This Week in Toronto (Oct 3 – 9)

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Left: COC’s new production of AIDA, with Sondra Radvanovsky in the foreground (photo: Michael Cooper)

The reverberations of the COC season-opener AIDA continues unabated. I attended opening night last Saturday, and to say it polarized opinions is an understatement. It is safe to say the majority of attendees did not like the production. Take a look at the production photo I’ve included above – I defy anyone looking at it and guess that it is from AIDA! Having said that, the musical side of things was wonderful, particularly the singing of soprano Sondra Radvanovsky in the title role. There are eleven more performances (Oct. 6, 9, 12, 15, 18, 21, 24, 27, 30, Nov. 2, 5). Now with standing room tickets, you can see the show for as little as $12 – there is no reason not to go. Even if you don’t care for the production, the chance to hear La Rad, the premiere Verdi soprano of today, is reward enough.
Elsewhere vocally and operatically, the COC Vocal Series, the free noon hour concert at the Four Seasons Centre’s Richard Bradshaw Amphitheatre features a program of French opera, with singers from the U of T Opera Division. Stuart Hamilton, the doyen of Canadian opera scene and an expert on French opera, is the host. As usual, you must show up 45 minutes in advance to get a seat. Also up at York University, the retired mezzo Catherine Robbin is launching her new CD of Hugo Wolf’s Italienisches Liederbuch. Daniel Lichti is the baritone soloist. This even takes place at the Tribute Communities Recital Hall at York University. The CD will be available for purchase. This Saturday at 1 pm, the Met in HD series opens with the long awaited Das Rheingold, the first installment of the new Met Ring Cycle by Canadian director Robert Lepage. The opening night reviews were good, except the stage machinery failed at the end and the rainbow bridge to Valhalla failed to materialize. Let’s hope the glitches are ironed out for Saturday. Consult for more details.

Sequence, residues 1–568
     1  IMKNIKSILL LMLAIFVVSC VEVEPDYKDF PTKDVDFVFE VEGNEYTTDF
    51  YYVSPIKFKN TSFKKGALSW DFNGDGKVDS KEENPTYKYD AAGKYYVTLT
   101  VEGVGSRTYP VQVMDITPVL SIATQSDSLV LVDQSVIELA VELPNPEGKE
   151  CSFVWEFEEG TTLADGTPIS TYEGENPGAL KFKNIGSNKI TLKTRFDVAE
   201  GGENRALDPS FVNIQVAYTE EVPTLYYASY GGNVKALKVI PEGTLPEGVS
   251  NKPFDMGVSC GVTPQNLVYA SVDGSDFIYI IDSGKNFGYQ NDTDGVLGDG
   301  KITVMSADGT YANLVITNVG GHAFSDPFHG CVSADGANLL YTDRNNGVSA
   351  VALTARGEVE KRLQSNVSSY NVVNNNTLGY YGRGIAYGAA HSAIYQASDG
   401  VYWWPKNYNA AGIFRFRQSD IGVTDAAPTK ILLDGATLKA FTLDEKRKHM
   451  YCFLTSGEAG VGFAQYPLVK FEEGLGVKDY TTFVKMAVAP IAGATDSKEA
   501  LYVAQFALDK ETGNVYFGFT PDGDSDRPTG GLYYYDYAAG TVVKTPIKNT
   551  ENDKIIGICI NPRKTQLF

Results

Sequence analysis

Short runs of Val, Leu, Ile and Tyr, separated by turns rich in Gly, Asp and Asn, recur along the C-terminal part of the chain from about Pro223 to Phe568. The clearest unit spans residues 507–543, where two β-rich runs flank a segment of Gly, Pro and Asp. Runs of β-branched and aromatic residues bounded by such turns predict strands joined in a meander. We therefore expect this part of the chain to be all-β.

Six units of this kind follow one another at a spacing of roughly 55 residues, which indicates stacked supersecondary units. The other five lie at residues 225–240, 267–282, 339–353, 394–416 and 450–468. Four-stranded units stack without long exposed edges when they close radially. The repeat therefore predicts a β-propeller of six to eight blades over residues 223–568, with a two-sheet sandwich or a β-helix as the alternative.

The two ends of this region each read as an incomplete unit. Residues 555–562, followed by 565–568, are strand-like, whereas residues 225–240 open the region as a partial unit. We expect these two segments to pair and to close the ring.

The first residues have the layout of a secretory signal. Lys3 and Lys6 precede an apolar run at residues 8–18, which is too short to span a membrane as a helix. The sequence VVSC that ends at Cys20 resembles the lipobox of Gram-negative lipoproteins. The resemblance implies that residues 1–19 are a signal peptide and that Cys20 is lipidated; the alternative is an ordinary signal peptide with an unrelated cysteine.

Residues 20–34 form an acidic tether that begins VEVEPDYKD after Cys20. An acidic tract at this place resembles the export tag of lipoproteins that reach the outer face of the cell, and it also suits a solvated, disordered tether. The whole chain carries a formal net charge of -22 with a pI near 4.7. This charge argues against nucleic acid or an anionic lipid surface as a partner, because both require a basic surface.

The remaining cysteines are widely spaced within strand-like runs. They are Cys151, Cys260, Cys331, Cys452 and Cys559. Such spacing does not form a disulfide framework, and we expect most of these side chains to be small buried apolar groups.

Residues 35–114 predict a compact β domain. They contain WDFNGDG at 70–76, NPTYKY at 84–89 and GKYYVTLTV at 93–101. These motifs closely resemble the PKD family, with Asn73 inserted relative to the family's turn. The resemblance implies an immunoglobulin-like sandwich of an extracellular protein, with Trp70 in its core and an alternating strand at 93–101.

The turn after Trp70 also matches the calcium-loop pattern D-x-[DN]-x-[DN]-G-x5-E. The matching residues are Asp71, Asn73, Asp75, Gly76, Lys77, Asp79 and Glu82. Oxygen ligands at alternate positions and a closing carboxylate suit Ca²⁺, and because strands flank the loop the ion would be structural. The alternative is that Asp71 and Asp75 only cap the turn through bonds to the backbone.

The Toronto Symphony Orchestra offers Best of Barber – that’s Samuel Barber, one of the most melodically inspired and accessible of American composers. During the mid 20th century when most classical composers jumped on the serialist bandwagon, Barber stuck to his guns and composed in a tonal and romantic style. And now his music has endured with quite a number of his colleagues’ works play to half-empty auditoriums. On the TSO program are his famous Adagio for Strings, his Symphony No. 1 and his violin and piano concertos. Solooists include Jon Kimura Parker and Gil Shaham. Peter Oundjian conducts. On Saturday Oct 9, the TS presents a slightly different program, featuring Gershwin’s Rhapsody in Blue. For more information, go to
For baroque fans, I can recommend Tafelmusik‘s Chopin on Period Piano. On the program is Chopin’s Piano Concerto No. 1 as well as Spohr’s Nonet in F Op. 31. Canadian pianist Janina Fialkowska is the pianist. Dates are on Thursday Oct. 7 and repeated on the 8, 9, and 10. For more information and tickets, go to

About Author

Joseph K. So is Professor Emeritus at Trent University in Peterborough, Ontario, but his first love is music, which he studied as an undergraduate student at the State University of New York. Since seeing his first live opera – La Gioconda with Renata Tebaldi at the Met in 1967, the singing voice became his lifelong favourite instrument. In addition to his longtime contributions to La Scena Musicale and The Music Scene, he is Associate Editor of Opera Canada and a frequent contributor to Musical Toronto.

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